An Israeli woman was told she could divorce her husband if she withdrew a rape complaint against him. 

The ruling was made by the rabbinical court known also as the beth din, the spiritual part of the country’s judiciary which controls divorces in the country. In Judaism, a couple needs permission from a rabbi before they can officially split.

Rights organisation Mavoi Satum has now taken on the woman’s case and filed a complaint with the Attorney-General’s Office. 

They have called for an investigation into the case’s presiding judges, who according to the Jerusalem Post, they have accused of extortion and interference with investigative procedures. 

Under Jewish law in Israel, a husband must agree to a divorce and the wife must accept it.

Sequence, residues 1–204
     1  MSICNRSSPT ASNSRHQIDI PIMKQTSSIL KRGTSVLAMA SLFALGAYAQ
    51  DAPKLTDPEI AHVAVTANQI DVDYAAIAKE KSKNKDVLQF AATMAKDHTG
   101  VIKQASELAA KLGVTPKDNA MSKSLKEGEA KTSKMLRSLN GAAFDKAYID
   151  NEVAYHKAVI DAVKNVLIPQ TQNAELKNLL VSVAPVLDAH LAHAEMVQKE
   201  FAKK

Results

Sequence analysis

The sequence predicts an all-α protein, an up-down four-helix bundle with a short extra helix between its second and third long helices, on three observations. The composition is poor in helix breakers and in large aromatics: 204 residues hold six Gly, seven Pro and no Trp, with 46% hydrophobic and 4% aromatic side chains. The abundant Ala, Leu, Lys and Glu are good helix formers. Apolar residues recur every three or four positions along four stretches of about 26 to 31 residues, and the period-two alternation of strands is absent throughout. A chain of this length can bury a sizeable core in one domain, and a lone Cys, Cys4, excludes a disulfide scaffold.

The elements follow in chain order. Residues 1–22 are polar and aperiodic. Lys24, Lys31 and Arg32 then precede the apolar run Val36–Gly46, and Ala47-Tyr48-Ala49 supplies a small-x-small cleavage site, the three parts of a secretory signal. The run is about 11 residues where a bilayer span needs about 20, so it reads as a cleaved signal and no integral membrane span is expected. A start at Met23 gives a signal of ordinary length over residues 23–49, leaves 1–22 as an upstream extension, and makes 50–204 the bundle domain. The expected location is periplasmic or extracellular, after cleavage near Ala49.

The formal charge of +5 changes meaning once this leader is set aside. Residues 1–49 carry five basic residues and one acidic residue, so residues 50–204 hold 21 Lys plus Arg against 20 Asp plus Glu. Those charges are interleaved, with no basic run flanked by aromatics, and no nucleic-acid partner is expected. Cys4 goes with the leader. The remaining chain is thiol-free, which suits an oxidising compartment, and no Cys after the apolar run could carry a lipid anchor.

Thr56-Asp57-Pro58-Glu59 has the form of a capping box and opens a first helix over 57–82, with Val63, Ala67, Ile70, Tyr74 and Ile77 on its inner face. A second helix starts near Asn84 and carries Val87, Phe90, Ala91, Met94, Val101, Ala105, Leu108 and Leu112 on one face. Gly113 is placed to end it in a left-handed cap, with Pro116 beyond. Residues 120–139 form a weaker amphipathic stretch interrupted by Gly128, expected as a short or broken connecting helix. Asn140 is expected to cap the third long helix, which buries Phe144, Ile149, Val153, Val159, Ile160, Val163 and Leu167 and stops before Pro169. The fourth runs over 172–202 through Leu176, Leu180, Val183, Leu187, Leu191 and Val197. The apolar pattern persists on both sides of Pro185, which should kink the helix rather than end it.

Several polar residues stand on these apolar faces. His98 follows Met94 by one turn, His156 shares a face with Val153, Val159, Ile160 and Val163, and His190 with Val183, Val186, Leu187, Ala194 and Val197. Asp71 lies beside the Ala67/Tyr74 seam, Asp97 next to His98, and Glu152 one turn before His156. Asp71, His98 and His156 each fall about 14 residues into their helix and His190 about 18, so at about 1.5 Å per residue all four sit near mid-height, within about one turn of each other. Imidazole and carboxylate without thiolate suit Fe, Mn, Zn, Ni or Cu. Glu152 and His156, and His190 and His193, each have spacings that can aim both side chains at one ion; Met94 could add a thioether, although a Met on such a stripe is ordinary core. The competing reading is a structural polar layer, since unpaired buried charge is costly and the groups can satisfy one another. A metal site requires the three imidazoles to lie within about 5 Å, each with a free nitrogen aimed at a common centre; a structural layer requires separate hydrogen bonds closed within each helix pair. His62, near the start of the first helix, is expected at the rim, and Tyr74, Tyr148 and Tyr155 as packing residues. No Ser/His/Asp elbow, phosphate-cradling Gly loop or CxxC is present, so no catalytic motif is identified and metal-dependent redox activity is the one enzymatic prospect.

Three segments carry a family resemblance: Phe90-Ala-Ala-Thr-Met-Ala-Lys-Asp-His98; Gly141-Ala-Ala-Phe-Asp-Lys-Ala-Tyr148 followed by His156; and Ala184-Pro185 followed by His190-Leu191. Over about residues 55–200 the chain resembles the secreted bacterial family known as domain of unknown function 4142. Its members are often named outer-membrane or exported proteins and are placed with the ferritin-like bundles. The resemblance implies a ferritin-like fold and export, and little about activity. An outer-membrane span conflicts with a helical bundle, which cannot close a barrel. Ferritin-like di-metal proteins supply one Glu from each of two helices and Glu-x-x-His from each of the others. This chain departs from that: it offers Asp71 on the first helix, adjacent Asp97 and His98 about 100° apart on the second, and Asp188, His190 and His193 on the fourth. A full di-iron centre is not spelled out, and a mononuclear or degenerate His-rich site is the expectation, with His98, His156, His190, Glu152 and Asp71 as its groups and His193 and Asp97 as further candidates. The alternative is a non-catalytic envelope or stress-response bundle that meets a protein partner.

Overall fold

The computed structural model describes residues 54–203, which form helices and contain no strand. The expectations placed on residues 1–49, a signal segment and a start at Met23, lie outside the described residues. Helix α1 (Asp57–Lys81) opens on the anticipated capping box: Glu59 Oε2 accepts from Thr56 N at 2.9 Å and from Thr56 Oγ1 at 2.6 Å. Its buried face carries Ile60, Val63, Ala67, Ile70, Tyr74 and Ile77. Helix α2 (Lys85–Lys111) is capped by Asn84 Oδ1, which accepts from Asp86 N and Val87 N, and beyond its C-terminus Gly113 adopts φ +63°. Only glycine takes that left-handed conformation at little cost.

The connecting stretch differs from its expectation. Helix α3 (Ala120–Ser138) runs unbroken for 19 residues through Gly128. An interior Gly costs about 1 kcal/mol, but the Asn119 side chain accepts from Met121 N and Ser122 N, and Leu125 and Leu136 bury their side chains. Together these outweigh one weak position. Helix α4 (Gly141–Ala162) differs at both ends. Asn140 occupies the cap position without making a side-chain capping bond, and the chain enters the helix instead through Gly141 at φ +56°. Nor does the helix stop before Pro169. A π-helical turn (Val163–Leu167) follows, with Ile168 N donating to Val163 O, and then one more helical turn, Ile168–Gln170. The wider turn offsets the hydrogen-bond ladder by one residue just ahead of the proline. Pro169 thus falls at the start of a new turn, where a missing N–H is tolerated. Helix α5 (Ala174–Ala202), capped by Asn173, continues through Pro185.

During the divorce process, the wife claimed her husband raped her and was violent to her children, allegations which he denied. He said there was not enough evidence to support the claims.

Referring to the to the alleged crimes as “events of the past”, the husband demanded the wife agree not to file a rape complaint with the police, in order to secure their separation. 

She claimed the rabbis handling the case – Yosef Goldberg, David Bardugo and Mordechai Ralbag – then pressurised her to sign the document.

Mavoi Satum director Batya Kehana-Dror told the Post: “The rabbinical court not only denied the right of the woman to complain to the police and encouraged her to conceal information which she is obliged to provide, but also established it within an official court ruling.”

She added: “This ruling has severe consequences, including encouraging violence in the family.

Defending the decision, the Rabbinical Court Association said both husband and wife had agreed the final document.

It said the presiding judges thought there was a possibility the woman could be refused a divorce, which was why they “thought it better” to approve the agreement containing a condition banning reporting the alleged rape.

Independent

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